Aug 31, 2021 - Development

A developer aims to preserve the old Fourth Ward Bread building in a new Graham Street project

rendering of new multi-use development around the old Fourth Ward Bread Co.

On Graham, between 6th and 7th streets, a developer is proposing a new look that incorporates an old favorite building. Rendering courtesy of Daniel Corp.

Fourth Ward Bread was only open for a year in a nearly century-old converted warehouse on Graham Street, from 2013 to 2014, before a fire wiped it out.

  • Despite that short run, the business and the building have been mythologized by people who were lucky enough to catch a whiff of the bakery and coffee shop.

So it will make preservationists and sentimentalists alike smile to hear this news: The new owners are planning to save the front part of the building and construct a mixed-use development around it. They plan to add apartments plus other commercial space.

Why it matters: Charlotte’s history is forever fleeting so every time an old building feels endangered the preservationist in many of us emerges, ready to fight for the future of a dying breed.

  • This time, however, it appears we can stand by and watch as Birmingham-based Daniel Corporation works on a project to complement the old with the new.

The big picture: Cameron Conner, Vice President at Daniel Corp., originally came to the corner of Graham and Seventh streets wanting to build a high rise.

But after walking around Fourth Ward and taking in the scale and architecture of the historic district, he knew that’d be a mistake. Beyond the scale, in the middle of the site sat this unique 93-year-old warehouse at 312 N Graham St, that cried out to be saved.

  • The property also includes the old home of McCarthy Tire, which closed that location before the pandemic.

The plan: With the goal being saving the front portion of the building, the team at Daniel Corp. and Dwell Design Studio, set about creating a project that would work with the existing building. It’ll include 8,000 square feet of commercial space and have natural gathering spaces created by the mixture of historic and modern setbacks.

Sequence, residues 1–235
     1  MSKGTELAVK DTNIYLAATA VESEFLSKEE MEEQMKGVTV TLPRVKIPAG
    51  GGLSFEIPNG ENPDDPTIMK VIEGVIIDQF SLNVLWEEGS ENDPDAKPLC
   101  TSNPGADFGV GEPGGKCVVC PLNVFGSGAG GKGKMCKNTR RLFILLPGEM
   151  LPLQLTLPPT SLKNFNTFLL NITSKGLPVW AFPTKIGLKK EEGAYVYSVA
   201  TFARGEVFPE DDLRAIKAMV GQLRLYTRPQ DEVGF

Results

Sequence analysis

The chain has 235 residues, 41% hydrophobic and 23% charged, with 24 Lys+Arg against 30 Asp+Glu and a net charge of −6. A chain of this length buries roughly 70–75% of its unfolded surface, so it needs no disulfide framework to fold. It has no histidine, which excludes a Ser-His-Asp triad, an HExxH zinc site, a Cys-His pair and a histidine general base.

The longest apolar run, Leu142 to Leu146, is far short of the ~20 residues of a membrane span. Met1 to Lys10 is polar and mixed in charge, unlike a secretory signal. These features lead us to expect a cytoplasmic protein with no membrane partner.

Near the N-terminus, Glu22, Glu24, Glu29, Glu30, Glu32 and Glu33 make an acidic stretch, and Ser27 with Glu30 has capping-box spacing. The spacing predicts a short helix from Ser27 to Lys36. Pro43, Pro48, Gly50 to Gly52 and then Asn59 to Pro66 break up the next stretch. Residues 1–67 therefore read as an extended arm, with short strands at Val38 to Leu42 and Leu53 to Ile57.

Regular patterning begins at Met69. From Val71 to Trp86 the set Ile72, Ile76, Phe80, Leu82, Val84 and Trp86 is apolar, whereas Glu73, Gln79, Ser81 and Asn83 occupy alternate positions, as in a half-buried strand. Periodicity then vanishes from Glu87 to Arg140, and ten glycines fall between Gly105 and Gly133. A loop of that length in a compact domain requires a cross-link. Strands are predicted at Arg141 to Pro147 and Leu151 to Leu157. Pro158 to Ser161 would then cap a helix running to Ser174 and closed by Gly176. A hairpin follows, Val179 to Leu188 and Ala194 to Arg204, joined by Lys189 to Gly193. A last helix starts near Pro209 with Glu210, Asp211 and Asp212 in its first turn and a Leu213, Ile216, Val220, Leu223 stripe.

• Plans include a brick commercial and townhouse podium that closely mimics the scale, historic details and design of the warehouse.
  • Above that will be 250-280 apartment flats and outdoor amenities, housed in a building that will be similarly scaled to the other apartment buildings around it, between seven and eight floors.

“We’re very excited about the opportunity to take an underutilized block of Fourth Ward,” Conner said, “and create a unique project that not only preserves the Fourth Ward Bread building, but really showcases it as a focal point of the overall design.”

What’s different this time: The folks at Daniel Corp. say they aren’t “velocity developers,” as Conner dubbed it.

Some companies do 15-20 new multifamily projects a year all around the country. But Daniel Corp.’s goal is to focus on creating 3-5 unique projects a year in top tier southern markets like Charlotte, Nashville and Austin. Instead of designing buildings as math formulas, they try to be purposeful and create aesthetics that blend within neighborhoods.

The backstory: Fourth Ward Bakery opened in 2013, offering up European-style bread, terrific sandwiches, pastries and pizza. The Showtime series “Homeland” staged a scene there.

What’s next: Daniel Corp. is having ongoing conversations and workshops with the Fourth Ward Neighborhood Association, and is working with them to create a building that’ll fit in with its neighbors.

  • Daniel Corp. tells me they’re aiming for a summer 2024 completion date.
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